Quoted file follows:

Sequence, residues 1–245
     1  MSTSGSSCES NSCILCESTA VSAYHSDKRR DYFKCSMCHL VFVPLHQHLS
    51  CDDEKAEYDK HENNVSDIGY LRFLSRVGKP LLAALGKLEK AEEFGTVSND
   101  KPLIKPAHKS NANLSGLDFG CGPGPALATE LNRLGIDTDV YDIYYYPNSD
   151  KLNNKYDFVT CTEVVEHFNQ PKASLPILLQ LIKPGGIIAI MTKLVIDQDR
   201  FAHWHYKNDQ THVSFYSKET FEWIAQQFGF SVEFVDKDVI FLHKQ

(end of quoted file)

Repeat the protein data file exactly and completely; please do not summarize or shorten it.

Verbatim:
Sequence, residues 1–245
     1  MSTSGSSCES NSCILCESTA VSAYHSDKRR DYFKCSMCHL VFVPLHQHLS
    51  CDDEKAEYDK HENNVSDIGY LRFLSRVGKP LLAALGKLEK AEEFGTVSND
   101  KPLIKPAHKS NANLSGLDFG CGPGPALATE LNRLGIDTDV YDIYYYPNSD
   151  KLNNKYDFVT CTEVVEHFNQ PKASLPILLQ LIKPGGIIAI MTKLVIDQDR
   201  FAHWHYKNDQ THVSFYSKET FEWIAQQFGF SVEFVDKDVI FLHKQ